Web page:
Coinhive’s DNS Server Compromised Thanks to Weak Password
On October 24, the Coinhive team announced that their account for their DNS provider was accessed by a malicious actor on October 23. Hackers hijacked Coinhive’s DNS records and modified them to redirect requests for coinhive.min.js to another server.
The company has apologized for the incident, which was reportedly caused by a weak password that was probably leaked in the 2014 Kickstarter breach—of course, this is not the first time reused passwords has caused problems. Coinhive mentions that they are actually using 2FA and unique passwords, but neglected to update their older account with their DNS provider.
The announcement emphasized that no account information was leaked and the company's web and database servers were not accessed. The company plans to reimburse users by crediting all sites with an additional 12 hours of their daily average hashrate.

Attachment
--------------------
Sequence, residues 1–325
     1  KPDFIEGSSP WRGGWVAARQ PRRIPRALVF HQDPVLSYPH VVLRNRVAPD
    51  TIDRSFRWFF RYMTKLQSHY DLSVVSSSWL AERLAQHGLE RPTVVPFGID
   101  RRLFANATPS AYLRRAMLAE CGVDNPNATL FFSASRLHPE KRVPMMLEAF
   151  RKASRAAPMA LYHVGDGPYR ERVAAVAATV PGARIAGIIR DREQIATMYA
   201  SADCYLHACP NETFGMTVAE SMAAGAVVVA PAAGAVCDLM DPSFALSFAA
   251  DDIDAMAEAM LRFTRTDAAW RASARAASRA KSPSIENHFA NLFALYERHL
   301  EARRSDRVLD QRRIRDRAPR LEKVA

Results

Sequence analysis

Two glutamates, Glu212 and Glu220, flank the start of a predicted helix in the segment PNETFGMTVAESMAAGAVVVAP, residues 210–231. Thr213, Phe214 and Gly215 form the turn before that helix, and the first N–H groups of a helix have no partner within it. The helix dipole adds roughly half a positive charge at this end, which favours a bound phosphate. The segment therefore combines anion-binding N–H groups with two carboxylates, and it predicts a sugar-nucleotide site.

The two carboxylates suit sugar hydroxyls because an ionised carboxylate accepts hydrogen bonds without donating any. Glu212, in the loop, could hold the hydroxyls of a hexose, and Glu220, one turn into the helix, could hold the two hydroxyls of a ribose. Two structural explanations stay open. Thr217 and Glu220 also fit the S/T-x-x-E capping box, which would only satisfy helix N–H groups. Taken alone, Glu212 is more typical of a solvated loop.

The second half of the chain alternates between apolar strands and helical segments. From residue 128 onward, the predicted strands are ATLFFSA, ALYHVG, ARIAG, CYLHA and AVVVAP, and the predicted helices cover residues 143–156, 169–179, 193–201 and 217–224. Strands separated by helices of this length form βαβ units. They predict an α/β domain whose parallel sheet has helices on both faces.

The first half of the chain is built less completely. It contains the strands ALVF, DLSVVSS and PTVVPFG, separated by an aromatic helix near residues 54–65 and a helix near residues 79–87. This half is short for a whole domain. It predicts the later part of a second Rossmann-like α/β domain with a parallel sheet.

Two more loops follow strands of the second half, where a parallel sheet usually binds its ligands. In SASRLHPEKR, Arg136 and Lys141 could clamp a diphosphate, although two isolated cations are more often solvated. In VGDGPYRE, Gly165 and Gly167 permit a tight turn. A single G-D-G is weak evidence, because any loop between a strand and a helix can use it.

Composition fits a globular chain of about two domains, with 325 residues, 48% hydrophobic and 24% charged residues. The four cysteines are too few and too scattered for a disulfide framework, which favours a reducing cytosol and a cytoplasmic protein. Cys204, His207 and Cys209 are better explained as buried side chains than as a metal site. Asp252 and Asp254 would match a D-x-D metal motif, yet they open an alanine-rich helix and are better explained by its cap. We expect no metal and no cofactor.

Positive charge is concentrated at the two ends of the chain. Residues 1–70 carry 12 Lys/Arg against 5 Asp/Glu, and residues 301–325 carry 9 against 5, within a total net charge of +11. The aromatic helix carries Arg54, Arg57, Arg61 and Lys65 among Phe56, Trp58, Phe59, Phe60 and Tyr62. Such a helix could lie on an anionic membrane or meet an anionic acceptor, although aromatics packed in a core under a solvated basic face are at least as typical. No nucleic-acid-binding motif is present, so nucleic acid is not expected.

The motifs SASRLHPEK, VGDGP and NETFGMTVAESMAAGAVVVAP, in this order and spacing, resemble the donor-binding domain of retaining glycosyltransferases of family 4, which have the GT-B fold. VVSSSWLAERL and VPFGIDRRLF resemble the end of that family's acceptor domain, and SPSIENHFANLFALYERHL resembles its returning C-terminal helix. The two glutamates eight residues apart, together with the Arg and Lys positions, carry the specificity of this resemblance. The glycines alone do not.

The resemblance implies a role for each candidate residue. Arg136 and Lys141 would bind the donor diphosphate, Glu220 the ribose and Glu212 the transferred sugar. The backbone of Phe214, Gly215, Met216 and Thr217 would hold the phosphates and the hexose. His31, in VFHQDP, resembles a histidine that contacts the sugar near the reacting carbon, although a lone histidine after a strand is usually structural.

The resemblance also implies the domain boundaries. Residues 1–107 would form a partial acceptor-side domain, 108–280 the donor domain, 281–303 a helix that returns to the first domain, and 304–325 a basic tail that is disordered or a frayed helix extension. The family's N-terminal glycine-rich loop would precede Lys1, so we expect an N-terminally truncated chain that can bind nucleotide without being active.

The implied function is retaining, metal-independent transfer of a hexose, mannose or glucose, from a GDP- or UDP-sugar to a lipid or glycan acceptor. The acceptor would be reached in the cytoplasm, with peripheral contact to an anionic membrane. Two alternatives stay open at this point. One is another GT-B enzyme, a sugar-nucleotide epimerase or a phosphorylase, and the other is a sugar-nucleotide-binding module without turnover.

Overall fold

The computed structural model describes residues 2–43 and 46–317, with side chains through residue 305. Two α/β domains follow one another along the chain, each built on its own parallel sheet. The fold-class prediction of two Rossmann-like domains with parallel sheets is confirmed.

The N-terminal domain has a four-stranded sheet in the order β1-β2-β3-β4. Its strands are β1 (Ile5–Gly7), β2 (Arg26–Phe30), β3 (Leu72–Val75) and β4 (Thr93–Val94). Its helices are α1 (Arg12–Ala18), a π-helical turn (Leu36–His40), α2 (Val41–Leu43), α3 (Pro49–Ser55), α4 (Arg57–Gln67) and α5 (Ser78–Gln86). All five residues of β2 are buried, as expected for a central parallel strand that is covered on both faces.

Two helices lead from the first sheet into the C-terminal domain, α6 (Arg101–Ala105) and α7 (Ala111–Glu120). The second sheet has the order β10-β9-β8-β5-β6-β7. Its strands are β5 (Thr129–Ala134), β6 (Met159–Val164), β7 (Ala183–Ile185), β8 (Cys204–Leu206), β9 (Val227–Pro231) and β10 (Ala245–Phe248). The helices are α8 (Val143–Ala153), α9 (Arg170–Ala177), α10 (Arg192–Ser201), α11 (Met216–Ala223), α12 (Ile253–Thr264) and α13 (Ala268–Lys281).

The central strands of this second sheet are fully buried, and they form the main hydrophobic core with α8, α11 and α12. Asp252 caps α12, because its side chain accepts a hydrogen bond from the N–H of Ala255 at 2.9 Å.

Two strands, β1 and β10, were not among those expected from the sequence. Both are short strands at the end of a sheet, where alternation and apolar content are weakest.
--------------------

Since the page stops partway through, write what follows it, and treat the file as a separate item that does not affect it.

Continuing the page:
This incident highlights the importance of proper online account security. Using complex and unique passwords is a must, and enterprises must take advantage of all security features their service provider offers. Here are some other tips:
- When managing multiple accounts, users should be vigilant and proactively update the security of each account. Providers might update certain features or add new elements that you can use.
- Enterprises should implement a strict security policy on third-party services, particularly if they handle sensitive data or systems that are integral to operations. Businesses should be sure of who they are working with and vet who has access to their data.
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